Menachem Mendel Taub, Hasidic dynasty head devoted to Holocaust memory, dies at 96


JERUSALEM (JTA) — Menachem Mendel Taub, the rebbe of the Kaliv Hasidic dynasty in Jerusalem, who devoted his life to memorializing the Holocaust and helping fellow survivors, has died.

Taub died Sunday at his home in Jerusalem. He was 96. His health had declined since a fall in his home two weeks ago, according to reports.

Born in Transylvania, which was then Romania, Taub was deported with his siblings to Auschwitz, where he was experimented on by the notorious Dr. Josef Mengele – and later was unable to grow facial hair due to the experiments. His siblings were killed in Auschwitz. Later he was transferred to the Warsaw Ghetto, and then to the Breslau and Bergen Belsen camps.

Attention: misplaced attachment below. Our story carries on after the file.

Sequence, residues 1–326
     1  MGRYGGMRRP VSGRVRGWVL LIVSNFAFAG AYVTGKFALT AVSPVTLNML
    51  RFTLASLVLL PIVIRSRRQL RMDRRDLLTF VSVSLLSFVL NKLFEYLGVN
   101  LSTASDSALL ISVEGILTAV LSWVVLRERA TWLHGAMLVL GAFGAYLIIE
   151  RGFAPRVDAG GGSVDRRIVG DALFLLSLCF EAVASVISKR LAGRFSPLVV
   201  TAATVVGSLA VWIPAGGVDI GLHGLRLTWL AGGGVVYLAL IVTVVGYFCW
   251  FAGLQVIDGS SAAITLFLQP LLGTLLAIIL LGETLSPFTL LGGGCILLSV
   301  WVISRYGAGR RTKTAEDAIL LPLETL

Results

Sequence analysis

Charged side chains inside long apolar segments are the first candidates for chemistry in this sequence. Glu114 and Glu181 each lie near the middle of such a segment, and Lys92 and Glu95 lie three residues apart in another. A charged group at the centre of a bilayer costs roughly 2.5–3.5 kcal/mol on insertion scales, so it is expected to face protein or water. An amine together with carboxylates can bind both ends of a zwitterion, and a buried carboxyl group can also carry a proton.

He married his first wife, Chana Sara Shapiro, who died in 2010, before World War II. They were reunited after the war in Sweden and moved to Cleveland, Ohio.

They immigrated to Israel in 1962 and re-established the Kaliv community, first in Rishon Lezion and later in Bnei Brak, where it remains today. In 2012 he remarried to Sheindel Malnik, 55, of Bnei Brak.

Taub frequently spoke about his experiences during the Holocaust and encouraged the memorialization of Holocaust victims at public events in Israel, including the recitation of the Shema Yisrael prayer. He also was active in Jewish outreach.

The rabbi “gave voice to the spiritual heroism of Jews during the Holocaust and did all he could to honor the memory of its victims,” Israeli President Reuven Rivlin said in a statement remembering Taub. “His work has particular resonance at present as we redouble our commitment to remember and never to forget.”

Thousands attended his funeral in Jerusalem on Sunday night.

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